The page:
Extreme E drives positive change in Sardinia

22 July 2022, London: Sport for purpose series, Extreme E, has just completed an action-packed, first-ever double-header, the NEOM Island X Prix I and II, on the stunning island of Sardinia.

The event, co-organised by the Automobile Club d’Italia and Regione Sardegna, offered far more than just a thrilling motorsport spectacle. Away from the track, its drivers, scientists and partners all took centre stage when it came to supporting Sardinia’s sustainability initiatives.


Legacy Programmes

Alongside the on-course action, Extreme E’s drivers had the chance to get involved in several Legacy Programmes, including that of partner Vodafone Business which announced the next phase of its collaboration with Extreme E to support local environmental projects.

During 2021, devastating fires in Sardinia destroyed 20,000 hectares of land, displaced over 1,000 people and killed around 30 million bees. The calamity resulted in incalculable damage to thousands of livelihoods, as well as to nature, including damaging water quality in the ocean. Extreme E continues to help restore the historic olive groves lost to the wildfires.

Wildfires such as these across the world are responsible for 20% of total global CO2 emissions and cost $5bn to fight. Together, Extreme E and Vodafone Business have begun a fire prevention campaign within the area of Montiferru.

As part of this project, Vodafone Business is deploying long-life Low-Power Wide Area Network (LPWAN) sensors to quickly detect any fire and promptly send an alert to the authorities – an innovation that supports Vodafone Business’ sustainability efforts, including agriculture, forestation and decarbonisation of energy grids.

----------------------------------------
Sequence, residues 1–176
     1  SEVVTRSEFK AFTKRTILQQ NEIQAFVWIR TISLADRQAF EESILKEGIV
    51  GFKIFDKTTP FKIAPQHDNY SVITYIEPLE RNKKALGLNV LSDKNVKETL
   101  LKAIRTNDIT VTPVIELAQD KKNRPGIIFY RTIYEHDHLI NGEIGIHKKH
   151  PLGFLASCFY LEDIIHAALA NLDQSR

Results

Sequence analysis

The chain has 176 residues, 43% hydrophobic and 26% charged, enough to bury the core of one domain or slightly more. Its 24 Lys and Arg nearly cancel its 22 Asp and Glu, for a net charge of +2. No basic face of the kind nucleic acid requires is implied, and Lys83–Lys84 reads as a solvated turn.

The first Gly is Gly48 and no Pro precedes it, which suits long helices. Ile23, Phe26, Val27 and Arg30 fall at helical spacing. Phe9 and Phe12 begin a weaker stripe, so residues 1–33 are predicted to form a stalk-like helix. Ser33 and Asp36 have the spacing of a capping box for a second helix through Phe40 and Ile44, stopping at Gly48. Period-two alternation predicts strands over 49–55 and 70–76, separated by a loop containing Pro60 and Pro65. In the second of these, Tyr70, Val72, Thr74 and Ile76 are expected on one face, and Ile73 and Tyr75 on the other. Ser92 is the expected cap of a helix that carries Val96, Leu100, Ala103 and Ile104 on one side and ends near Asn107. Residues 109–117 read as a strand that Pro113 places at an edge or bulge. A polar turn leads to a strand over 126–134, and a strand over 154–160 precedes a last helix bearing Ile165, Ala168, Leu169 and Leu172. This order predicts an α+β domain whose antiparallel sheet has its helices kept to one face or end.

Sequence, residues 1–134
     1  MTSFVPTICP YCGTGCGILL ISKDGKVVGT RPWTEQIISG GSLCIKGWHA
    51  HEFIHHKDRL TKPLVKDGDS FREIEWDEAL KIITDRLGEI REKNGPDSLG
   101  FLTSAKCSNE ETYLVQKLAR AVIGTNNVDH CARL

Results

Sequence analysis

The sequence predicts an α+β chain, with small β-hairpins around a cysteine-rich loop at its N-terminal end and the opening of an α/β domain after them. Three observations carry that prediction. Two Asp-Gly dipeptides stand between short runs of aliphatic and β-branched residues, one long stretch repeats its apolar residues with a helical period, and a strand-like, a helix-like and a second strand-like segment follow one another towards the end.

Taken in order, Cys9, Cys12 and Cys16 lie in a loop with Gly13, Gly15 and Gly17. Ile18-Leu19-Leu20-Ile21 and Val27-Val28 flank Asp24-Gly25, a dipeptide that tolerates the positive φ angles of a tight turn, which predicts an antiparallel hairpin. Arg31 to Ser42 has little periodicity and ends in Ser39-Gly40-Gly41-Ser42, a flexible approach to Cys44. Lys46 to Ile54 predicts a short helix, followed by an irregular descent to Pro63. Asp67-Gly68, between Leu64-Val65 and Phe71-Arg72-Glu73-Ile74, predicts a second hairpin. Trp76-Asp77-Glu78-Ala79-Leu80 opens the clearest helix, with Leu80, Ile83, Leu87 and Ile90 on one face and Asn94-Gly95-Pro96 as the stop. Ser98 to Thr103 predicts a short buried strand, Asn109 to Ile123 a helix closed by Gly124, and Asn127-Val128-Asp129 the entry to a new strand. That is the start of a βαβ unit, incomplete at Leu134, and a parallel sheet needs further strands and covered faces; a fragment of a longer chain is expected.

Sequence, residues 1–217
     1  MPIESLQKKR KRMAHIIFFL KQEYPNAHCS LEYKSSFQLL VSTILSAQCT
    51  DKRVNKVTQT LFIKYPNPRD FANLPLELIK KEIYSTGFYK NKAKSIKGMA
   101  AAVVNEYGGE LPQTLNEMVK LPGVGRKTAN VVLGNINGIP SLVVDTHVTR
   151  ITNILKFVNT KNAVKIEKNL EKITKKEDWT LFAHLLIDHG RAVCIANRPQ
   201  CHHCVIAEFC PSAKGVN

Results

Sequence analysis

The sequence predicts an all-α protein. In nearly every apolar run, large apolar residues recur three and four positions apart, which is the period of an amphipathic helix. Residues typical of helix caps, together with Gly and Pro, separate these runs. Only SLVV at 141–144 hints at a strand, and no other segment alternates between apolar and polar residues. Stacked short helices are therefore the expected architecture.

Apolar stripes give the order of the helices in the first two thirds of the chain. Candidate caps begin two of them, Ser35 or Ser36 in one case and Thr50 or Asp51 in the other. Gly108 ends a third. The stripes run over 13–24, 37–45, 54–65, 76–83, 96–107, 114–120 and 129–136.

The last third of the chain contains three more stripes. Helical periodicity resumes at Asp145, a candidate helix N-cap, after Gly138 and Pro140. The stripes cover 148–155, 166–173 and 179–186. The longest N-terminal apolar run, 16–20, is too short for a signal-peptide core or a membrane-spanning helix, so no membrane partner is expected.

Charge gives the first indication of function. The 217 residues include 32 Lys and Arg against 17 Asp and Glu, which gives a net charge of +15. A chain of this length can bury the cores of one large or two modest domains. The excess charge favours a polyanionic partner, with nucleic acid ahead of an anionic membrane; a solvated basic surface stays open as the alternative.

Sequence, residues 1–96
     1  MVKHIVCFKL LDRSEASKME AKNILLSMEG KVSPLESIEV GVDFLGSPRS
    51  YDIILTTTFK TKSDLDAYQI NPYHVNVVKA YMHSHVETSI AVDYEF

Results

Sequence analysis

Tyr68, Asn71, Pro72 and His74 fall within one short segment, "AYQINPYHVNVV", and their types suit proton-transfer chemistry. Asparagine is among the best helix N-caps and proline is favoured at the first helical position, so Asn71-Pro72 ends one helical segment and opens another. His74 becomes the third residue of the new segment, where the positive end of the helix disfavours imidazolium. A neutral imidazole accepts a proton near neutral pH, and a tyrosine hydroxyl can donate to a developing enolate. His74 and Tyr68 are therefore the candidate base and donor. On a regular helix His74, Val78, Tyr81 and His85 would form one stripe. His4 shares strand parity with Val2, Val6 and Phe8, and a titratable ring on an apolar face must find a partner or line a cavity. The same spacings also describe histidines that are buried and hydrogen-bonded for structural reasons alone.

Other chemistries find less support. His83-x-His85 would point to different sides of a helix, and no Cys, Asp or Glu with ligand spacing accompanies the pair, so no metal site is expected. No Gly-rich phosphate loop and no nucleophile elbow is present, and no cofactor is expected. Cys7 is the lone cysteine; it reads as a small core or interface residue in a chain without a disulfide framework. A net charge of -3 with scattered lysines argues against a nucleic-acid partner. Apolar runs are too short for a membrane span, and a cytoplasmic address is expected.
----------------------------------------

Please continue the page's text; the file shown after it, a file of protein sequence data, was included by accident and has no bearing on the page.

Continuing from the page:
The low-cost IoT gas sensors operate without the need for cellular coverage and will be installed in trees to detect the smouldering phase, before the fire takes hold, which will preserve forest footprint by shortening reaction times in the ‘golden hour’. Using a Mesh Gateway to connect to a cloud-based alert centre means this is a much faster-acting solution to the problem of wildfire detection than using cameras or satellites.

Newly appointed Championship Driver Fraser McConnell was on hand to test the technology out for himself.


Fraser McConnell, Extreme E Championship Driver, said: “Before I arrived, I did not realise just how much more there is to Extreme E outside of the racing. There is a lot of focus on building awareness of issues that people may not know about, or those that do know but are not sure how to help. I found it cool to finally be a part of it.

“I really enjoyed the Legacy Day with Vodafone Business. Everyone involved was extremely passionate and knowledgeable about the topic. It was so new for me – I was constantly asking questions and they probably got sick of me doing so!

“Everyone had a wealth of knowledge – especially Peter [Professor Wadhams, Extreme E’s Scientific Committee] and Vodafone Business regarding implementing their technology. It felt like everything was really coming together to make something applicable to helping.”

Meanwhile, other teams from the Extreme E grid took to immersing themselves in the surrounding waters of the Mediterranean. Snorkelling in Laguna di Norato area, they were able to learn first-hand all about Posidonia oceanica, seagrass, and how Extreme E is helping to analyse and replenish seagrass beds in Sardinia.


Seagrass is thought to be one of the most rapidly declining ecosystems in the world, and Extreme E’s goal is to plant one million new plants of Posidonia oceanica by 2030.

Studies from the last ten years have shown that despite only occupying 0.04 per cent of the ocean floor, seagrass stores 10 per cent of the oceans carbon and can capture 30 per cent more from the atmosphere than its tropical rainforest equivalent. The drivers were able to see how it is being restored and conserved by local organisation, Mediterranean Sea and Coast Foundation (MEDSEA), with the support of Extreme E.